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An overview of thyromegaly
The thyroid gland is the gland responsible for producing the hormones that regulate body temperature, metabolism, heart rate, digestion, mode, and respiration and enhance the growth and development of the body. Dysfunction of the thyroid gland leads to many clinical complications within the human body.
In recent epidemiological studies, American Thyroid Association said nearly 200 million people worldwide have some form of thyroid disease. One of the major diseases of the thyroid gland is Thyromegaly, which manifests as an enlargement of the thyroid gland. This thyroid enlargement can also be a serious indicator of malignancy.
What is thyromegaly?
Thyromegaly is a medical condition characterized by an abnormal enlargement of the thyroid gland. It manifests as an evident swelling below Adam’s apple in both men and women. The thyromegaly condition, also known as goiter, is largely credited to the dysfunctions of the thyroid gland.
The major cause attributed to this dysfunction is insufficient iodine. Globally, one-third of the population suffers from a low intake of iodine. So, when the thyroid gland cannot produce enough hormone, it enlarges to compensate. However, thyromegaly is usually painless, irrespective of how large it might be.
However, a large thyromegaly can cause a cough and difficulty in swallowing or breathing. If left untreated or unchecked, it can cause serious harm, as the thyroid gland can turn highly ineffective, stops making thyroid hormone, or produces too much.
This leads to hyperthyroidism and hypothyroidism. Most of the cases studied so far have indicated that women are more likely to develop thyromegaly than men, and heredity was a significant role in the diagnosed cases of the enlarged thyroid gland. The treatment of this condition depends on the size of the thyromegaly, the symptoms shown, and the cause.
- Iodine deficiency: The main cause of a thyromegaly condition is iodine deficiency. In the production of thyroid hormones, iodine plays a dynamic role. So, when the body does not produce enough iodine, or a person does not consume enough iodine or consumes a diet high in hormone-inhibiting foods, such as cabbage, broccoli, and cauliflower, the thyroid enlarges in a bid to obtain more iodine.
- Graves’ disease: This autoimmune disease occurs when the immune system wrongly attacks the thyroid gland. In response, the thyroid overstimulates and begins to release an excess of thyroxin hormones, which leads to hyperthyroidism, and in turn, a thyromegaly condition.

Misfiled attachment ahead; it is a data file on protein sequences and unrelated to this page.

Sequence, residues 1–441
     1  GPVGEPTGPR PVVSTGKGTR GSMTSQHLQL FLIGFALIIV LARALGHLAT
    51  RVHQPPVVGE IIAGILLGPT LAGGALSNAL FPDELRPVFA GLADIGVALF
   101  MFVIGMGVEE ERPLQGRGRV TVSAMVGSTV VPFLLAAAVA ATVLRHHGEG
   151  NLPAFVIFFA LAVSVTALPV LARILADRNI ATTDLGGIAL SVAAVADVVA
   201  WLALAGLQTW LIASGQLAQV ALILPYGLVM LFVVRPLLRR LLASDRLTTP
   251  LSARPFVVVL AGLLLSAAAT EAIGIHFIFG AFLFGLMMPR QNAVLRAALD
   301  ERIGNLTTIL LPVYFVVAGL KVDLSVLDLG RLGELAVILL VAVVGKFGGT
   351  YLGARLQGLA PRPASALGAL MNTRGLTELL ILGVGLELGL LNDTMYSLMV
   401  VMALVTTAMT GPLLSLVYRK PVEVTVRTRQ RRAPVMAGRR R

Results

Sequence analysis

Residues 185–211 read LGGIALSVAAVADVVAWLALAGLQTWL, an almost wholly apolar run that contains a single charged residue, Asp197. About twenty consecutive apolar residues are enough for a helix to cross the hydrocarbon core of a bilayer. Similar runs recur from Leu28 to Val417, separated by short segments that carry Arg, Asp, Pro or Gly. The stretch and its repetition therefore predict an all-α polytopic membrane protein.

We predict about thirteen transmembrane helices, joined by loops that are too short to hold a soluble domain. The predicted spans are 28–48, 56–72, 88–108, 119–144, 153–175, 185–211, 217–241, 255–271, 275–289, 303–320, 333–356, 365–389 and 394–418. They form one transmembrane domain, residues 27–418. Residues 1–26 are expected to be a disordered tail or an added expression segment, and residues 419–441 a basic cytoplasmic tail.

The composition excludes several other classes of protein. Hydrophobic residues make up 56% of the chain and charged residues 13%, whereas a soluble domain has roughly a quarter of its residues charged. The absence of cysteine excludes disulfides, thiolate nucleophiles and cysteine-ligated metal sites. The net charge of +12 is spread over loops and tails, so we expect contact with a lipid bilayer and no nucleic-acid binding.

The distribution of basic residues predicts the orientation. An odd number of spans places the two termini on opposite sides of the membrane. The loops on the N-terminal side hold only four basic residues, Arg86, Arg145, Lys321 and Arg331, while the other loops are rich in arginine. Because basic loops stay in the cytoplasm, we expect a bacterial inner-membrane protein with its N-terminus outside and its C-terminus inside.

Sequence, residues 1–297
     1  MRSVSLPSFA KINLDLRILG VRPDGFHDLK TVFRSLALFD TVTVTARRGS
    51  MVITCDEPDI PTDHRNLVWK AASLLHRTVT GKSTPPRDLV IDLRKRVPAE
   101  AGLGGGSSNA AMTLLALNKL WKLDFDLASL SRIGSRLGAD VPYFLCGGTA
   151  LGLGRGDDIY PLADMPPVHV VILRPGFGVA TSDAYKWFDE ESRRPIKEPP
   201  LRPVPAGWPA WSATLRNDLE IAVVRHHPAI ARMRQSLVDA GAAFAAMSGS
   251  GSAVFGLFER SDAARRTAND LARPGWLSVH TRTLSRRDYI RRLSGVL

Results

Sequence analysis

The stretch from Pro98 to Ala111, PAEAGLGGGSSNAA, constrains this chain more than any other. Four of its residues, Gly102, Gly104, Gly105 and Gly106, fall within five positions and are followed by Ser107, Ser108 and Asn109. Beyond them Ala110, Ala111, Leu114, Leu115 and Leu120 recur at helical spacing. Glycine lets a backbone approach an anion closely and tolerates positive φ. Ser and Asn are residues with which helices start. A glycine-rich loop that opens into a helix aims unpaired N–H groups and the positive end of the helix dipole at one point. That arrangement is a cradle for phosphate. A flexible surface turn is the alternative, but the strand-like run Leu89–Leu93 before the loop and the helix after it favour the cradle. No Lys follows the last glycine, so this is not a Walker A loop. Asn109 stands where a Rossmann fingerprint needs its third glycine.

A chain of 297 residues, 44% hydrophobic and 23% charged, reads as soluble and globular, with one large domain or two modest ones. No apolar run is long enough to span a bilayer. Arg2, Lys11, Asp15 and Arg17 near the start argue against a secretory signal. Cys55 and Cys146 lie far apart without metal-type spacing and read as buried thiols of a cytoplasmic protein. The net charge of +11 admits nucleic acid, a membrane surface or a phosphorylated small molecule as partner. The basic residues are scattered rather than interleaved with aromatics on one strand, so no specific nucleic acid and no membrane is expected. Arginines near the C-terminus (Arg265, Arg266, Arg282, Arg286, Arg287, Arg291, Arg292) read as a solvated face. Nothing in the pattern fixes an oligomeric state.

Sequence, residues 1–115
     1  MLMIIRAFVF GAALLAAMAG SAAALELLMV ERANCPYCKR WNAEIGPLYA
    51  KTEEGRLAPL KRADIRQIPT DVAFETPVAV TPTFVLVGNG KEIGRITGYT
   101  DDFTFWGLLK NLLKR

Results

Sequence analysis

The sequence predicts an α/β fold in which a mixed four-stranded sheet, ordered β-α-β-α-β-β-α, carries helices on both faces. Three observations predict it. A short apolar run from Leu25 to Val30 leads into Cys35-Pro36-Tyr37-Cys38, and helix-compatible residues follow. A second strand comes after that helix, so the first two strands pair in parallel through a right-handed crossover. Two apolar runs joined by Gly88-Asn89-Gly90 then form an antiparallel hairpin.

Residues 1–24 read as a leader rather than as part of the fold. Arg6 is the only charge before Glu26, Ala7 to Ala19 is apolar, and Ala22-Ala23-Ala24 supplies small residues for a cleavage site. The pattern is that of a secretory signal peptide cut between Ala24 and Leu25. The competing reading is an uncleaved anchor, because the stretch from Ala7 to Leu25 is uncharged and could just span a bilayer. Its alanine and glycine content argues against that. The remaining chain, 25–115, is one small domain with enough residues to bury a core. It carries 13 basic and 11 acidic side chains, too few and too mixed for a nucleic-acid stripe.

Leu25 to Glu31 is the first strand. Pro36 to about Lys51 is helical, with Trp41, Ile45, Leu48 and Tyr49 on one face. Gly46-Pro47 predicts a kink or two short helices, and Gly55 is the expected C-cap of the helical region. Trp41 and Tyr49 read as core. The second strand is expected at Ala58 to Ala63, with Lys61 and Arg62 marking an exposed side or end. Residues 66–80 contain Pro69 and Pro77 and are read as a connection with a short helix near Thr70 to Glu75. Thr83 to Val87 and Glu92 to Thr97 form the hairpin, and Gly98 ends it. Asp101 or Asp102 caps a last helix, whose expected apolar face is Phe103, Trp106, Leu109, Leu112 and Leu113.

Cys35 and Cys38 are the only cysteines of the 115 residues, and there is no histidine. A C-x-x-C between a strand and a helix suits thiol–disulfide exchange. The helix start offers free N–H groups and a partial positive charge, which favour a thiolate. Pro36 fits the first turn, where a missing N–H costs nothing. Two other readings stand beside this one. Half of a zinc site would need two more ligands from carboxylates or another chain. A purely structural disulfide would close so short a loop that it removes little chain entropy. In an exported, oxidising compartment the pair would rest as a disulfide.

- Hashimoto’s disease: A thyromegaly condition can occur from an underactive thyroid (that is, hypothyroidism). Hashimoto’s disease is also an autoimmune disorder. That is, it occurs when the immune system, by mistake, attacks the thyroid gland. This damages the thyroid gland and makes it unable to produce sufficient hormones. The low hormone level motivates the pituitary gland to produce more TSH to stimulate the thyroid, which in the end, causes the thyroid gland to enlarge.
- Multi-nodular goiter: In some thyromegaly conditions, several solid or fluid-filled knobs known as nodules develop on both sides of the thyroid, thereby resulting in overall enlargement of the gland.
- Solitary thyroid nodules: in a few cases, a single nodule grows in one part of the thyroid gland. This is usually non-cancerous and never leads to cancer.
- Inflammation: An inflammation of the thyroid known as thyroiditis may occur and cause pain and swelling of the thyroid gland. Thyroiditis may also cause the body to produce too much or too little thyroxin. It can be caused by an infection, an autoimmune disease (such as Hashimoto’s or Graves’ disease), medications (such as interferon and amiodarone), and radiation therapy.
- During pregnancy: The body produces excess hormones during pregnancy. One such hormone is human chorionic gonadotropin (hCG) can cause enlargement of the thyroid gland.
- Medications: a few medications, such as lithium, amiodarone, interleukin-2, and interferon-alpha, can disturb the normal mechanism of thyroid hormone production .